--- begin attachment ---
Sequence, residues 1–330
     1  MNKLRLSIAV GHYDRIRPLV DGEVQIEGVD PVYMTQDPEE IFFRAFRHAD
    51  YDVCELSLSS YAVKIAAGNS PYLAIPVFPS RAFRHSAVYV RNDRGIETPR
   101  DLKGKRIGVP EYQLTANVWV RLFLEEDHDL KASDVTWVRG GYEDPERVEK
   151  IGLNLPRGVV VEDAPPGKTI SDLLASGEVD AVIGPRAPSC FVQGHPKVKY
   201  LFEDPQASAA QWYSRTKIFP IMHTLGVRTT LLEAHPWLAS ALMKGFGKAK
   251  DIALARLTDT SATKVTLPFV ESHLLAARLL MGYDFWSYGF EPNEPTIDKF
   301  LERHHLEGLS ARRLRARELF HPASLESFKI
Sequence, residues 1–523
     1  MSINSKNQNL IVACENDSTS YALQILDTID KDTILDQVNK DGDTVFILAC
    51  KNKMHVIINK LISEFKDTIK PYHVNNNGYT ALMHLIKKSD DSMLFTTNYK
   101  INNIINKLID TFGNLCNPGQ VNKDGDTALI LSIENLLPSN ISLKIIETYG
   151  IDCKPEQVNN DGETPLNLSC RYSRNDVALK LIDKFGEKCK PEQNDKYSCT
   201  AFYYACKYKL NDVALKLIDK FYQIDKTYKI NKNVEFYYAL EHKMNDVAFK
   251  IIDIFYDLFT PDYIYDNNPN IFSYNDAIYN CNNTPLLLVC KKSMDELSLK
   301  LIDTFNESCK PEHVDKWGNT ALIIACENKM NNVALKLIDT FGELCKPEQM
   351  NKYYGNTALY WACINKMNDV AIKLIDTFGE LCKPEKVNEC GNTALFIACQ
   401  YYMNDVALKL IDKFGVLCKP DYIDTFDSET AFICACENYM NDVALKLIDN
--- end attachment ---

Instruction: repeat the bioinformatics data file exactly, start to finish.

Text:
Sequence, residues 1–330
     1  MNKLRLSIAV GHYDRIRPLV DGEVQIEGVD PVYMTQDPEE IFFRAFRHAD
    51  YDVCELSLSS YAVKIAAGNS PYLAIPVFPS RAFRHSAVYV RNDRGIETPR
   101  DLKGKRIGVP EYQLTANVWV RLFLEEDHDL KASDVTWVRG GYEDPERVEK
   151  IGLNLPRGVV VEDAPPGKTI SDLLASGEVD AVIGPRAPSC FVQGHPKVKY
   201  LFEDPQASAA QWYSRTKIFP IMHTLGVRTT LLEAHPWLAS ALMKGFGKAK
   251  DIALARLTDT SATKVTLPFV ESHLLAARLL MGYDFWSYGF EPNEPTIDKF
   301  LERHHLEGLS ARRLRARELF HPASLESFKI
Sequence, residues 1–523
     1  MSINSKNQNL IVACENDSTS YALQILDTID KDTILDQVNK DGDTVFILAC
    51  KNKMHVIINK LISEFKDTIK PYHVNNNGYT ALMHLIKKSD DSMLFTTNYK
   101  INNIINKLID TFGNLCNPGQ VNKDGDTALI LSIENLLPSN ISLKIIETYG
   151  IDCKPEQVNN DGETPLNLSC RYSRNDVALK LIDKFGEKCK PEQNDKYSCT
   201  AFYYACKYKL NDVALKLIDK FYQIDKTYKI NKNVEFYYAL EHKMNDVAFK
   251  IIDIFYDLFT PDYIYDNNPN IFSYNDAIYN CNNTPLLLVC KKSMDELSLK
   301  LIDTFNESCK PEHVDKWGNT ALIIACENKM NNVALKLIDT FGELCKPEQM
   351  NKYYGNTALY WACINKMNDV AIKLIDTFGE LCKPEKVNEC GNTALFIACQ
   401  YYMNDVALKL IDKFGVLCKP DYIDTFDSET AFICACENYM NDVALKLIDN